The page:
PHOTONIC FRONTIERS: Large-scale display technologies: Large displays rise to the challenge of high-definition TV

March 1, 2006
LCDs, plasma displays, and rear-projection TVs based on micromirrors are consigning the venerable CRT to the fate of the dinosaurs.
FIGURE 1. In the structure of a plasma display, with a single element and an array, the elements are addressed by arrays of conductors on front and back of the panel. When a pixel is addressed, an internal discharge excites xenon atoms to emit ultraviolet light, which excites a red, green, or blue phosphor.
FIGURE 1. In the structure of a plasma display, with a single element and an array, the elements are addressed by arrays of conductors on front and back of the panel. When a pixel is addressed, an internal discharge excites xenon atoms to emit ultraviolet light, which excites a red, green, or blue phosphor.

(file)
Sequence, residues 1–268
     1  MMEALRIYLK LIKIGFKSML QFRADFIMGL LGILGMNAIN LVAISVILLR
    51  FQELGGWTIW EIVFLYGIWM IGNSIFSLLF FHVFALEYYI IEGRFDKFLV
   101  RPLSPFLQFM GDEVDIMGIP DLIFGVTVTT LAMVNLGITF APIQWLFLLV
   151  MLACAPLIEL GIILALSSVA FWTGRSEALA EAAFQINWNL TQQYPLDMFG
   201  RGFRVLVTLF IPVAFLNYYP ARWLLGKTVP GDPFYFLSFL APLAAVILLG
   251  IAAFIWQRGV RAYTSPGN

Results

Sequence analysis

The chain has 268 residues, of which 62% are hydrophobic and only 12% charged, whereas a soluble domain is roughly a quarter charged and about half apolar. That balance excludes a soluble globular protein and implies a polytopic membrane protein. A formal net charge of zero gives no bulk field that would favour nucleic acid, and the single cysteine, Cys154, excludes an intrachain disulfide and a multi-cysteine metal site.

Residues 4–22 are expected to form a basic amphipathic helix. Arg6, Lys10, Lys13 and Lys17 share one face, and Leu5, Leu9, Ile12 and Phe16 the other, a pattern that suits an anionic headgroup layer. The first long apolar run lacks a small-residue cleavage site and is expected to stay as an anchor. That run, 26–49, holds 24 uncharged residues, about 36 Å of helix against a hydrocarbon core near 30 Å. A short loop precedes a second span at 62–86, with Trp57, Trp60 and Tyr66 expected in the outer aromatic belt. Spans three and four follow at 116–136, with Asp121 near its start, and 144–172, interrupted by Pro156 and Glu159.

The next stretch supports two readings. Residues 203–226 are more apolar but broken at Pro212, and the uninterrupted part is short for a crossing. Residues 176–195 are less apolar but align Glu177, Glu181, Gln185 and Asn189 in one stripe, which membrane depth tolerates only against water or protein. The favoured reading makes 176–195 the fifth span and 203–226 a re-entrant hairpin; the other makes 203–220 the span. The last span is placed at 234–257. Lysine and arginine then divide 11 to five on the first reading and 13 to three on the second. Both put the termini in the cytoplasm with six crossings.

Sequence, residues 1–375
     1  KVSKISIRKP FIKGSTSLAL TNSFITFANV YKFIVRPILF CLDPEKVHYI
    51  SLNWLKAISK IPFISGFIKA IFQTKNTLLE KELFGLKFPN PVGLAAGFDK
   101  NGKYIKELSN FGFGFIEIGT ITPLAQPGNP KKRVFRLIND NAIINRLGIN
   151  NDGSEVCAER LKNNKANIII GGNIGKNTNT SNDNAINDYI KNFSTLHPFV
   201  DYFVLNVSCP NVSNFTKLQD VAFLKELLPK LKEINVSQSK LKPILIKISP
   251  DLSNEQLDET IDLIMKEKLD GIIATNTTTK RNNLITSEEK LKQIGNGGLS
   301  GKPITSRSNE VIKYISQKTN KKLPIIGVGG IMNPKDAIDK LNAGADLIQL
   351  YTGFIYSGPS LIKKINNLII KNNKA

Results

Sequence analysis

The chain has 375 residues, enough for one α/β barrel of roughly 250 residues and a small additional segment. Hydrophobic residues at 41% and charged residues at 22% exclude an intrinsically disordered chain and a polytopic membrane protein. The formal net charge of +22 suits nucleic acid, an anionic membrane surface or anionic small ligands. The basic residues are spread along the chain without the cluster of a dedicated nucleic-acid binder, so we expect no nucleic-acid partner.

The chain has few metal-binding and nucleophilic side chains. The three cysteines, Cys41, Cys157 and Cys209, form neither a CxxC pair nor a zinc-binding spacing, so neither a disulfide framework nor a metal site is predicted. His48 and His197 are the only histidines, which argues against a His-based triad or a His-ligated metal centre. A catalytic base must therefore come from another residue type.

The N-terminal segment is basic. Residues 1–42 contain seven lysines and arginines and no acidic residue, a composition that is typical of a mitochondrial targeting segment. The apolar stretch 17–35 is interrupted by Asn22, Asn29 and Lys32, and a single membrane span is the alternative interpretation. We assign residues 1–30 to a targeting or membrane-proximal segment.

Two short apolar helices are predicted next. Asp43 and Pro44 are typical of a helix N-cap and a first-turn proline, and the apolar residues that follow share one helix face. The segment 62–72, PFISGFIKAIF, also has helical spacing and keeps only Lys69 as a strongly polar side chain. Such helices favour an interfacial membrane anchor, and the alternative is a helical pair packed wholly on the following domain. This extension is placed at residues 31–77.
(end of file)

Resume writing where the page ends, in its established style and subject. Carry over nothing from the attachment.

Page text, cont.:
After years of anticipation, the market for large digital displays is finally taking off. The U.S. Congress gave the final push late last year when it set a hard deadline for the shutdown of analog television broadcasts. Digital television does not require a large screen, but the U.S. digital broadcast standard does offer a high-resolution format tailored for large-screen viewing. And last year Hollywood finished a new digital cinema standard that the studios hope will finally push film off the big screen, requiring even larger digital displays.

The electronics industry has been pushing for big-screen television for more than 20 years. Back in 1983, plans for high-definition television (HDTV) called for analog transmission at double the vertical and horizontal resolution of the old NTSC broadcast standard. Developers of standards turned to digital technology in the 1990s, which allowed one HD channel to be squeezed into the same 6‑MHz bandwidth as one low-definition analog channel. Yet big-screen technology remained a stumbling block.